31 Days of Evangelism Day 4: 2 Ways to Think of the Gospel

I’m currently reading again The Soul-Winner by Spurgeon. How rich, how encouraging. Get this and read it if you’ve never done so. I will be posting more from this vital work as a part of this series. Here’s a quote:

People have often asked me, “What is the secret of your success?” I always answer that I have no other secret but this, that I have preached the gospel,—not about the gospel, but the gospel,—the full, free, glorious gospel of the living Christ who is the incarnation of the good news.*

We must share Jesus, and we must share him effectively in our time. In an increasingly unchurched, biblically illiterate culture, we must help hearers to see the beauty and wonder of the gospel. I heard Tim Keller say when we share Christ, we should do so in such a way that even if they reject its truth they would wish it were true.

Old Testament scholar Christopher Wright argues the whole biblical revelation focuses on mission, requiring what he calls a missional hermeneutic:

A missional hermeneutic, then, is not content simply to call for obedience    to the Great Commission (though it will assuredly include that as a matter   of nonnegotiable importance), nor even to reflect on the missional implications of the Great Commandment. For behind both it will find the Great Communication—the revelation of the identity of God, of God’s action in the world and God’s saving purpose for all creation. And for the fullness of this communication we need the whole Bible in all its parts and genres, for God has given us no less. A missional hermeneutic takes the indicative and the imperative of the biblical revelation with equal seriousness, and interprets each in the light of the other.[i]

One of the reasons evangelism has waned in its place in the contemporary church comes from the way we have compartmentalized it into a program or department in a local church, or an occasional activity in the life of the believer. Further, we have at times shared the most bare bones, skinny version of the gospel instead of telling its wonder. It is true that a weak gospel presentation is generally better than none at all, but it is more true that we owe it to God and to others to share as much of this rich, good news as possible.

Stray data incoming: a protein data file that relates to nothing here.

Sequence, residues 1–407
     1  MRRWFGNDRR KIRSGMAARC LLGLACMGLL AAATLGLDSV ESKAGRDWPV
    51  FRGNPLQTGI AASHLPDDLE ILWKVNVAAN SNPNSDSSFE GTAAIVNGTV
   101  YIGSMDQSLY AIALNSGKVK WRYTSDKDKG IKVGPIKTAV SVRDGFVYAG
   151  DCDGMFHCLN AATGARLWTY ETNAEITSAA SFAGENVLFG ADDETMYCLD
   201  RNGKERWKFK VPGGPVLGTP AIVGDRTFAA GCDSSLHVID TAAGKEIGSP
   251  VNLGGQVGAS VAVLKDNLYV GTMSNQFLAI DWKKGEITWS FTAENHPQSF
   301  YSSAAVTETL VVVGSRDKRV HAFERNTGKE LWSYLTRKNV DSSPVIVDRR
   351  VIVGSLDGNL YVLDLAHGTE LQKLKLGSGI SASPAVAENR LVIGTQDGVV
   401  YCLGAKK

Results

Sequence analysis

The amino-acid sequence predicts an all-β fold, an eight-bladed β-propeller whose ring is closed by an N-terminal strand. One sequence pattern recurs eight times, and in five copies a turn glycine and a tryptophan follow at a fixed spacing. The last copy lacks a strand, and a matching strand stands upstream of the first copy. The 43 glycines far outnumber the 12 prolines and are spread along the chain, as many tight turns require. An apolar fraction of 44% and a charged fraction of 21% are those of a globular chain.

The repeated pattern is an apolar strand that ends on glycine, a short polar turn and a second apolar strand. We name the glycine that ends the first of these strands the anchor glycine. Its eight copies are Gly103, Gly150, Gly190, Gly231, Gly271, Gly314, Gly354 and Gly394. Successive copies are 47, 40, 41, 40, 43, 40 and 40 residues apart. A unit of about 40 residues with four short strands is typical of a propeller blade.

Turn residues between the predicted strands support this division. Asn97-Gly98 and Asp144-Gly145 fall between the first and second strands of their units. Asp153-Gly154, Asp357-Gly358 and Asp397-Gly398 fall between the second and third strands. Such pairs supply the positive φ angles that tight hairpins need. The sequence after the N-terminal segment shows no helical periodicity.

This starts from the very way we see Scripture. If for you or me the commission to tell the good news to the world comes only from a few passages in the Gospels and the start of Acts (as vital as those are), we can easily push the witness of the church to the side. If we reduce our Lord to the Gospels and some mentions in the epistles, we fail to see the richness of a Christ-centered Bible. What if the message of redemption, and the spreading of that message, was central to the whole of Scripture? I believe it is. Our approach to Scripture has much impact on the conclusions we draw. We must give much attention to understanding the whole council of God’s Word, not just an occasional story here or memory verse there.

Read 1 Corinthians 15: 1– 4, where Paul argues for the importance of the gospel as first priority. Paul shows us the gospel at its heart, or what I call the gospel in its essence: Christ died for our sins, was buried, and rose again (vv. 3– 4). While our gospel is not less than this, it is more, or what I call the gospel as an epic story. The entire Bible unpacks the larger, glorious story of the gospel.  In Luke’s Gospel in 24:44-48, Jesus starts by explaining to the disciples everything in Moses, the Prophets, and the Psalms. What’s he talking about? What we call the Old Testament. This was the Bible of the first century. Jesus demonstrates here how the gospel is central to the entire Bible, not just to the Gospel writers. And what about Paul’s words in 1 Corinthians? Note how twice Paul says “according to the Scriptures”; that is, according to the Old Testament.

In an increasingly unchurched culture I’ve found helping people both in and out of the church understand the gospel both in its basic propositional truth, or its essence, and as the epic story as great as the whole Bible both matter. And, I’ve seen more unchurched young adults (the folks we aren’t reaching very well) come to faith as they understood the rich, full story of the gospel centered in the work of Christ. This is why missionaries in unchurched cultures story the gospel from creation to the cross. We now live in a mission field, and sharing the whole story matters. That’s why in our classes I use The Story and the 3 Circles, both of which share the essential truth of the gospel in the context of the epic story of Scripture. The more rich the gospel is in our understanding, the richer it will be in our sharing.

[Taken from Evangelism Handbook and Sharing Jesus without Freaking Out]

[i] C. J. H. Wright, The Mission of God (Downers Grove, IL: InterVarsity Press, 2006), 61-62.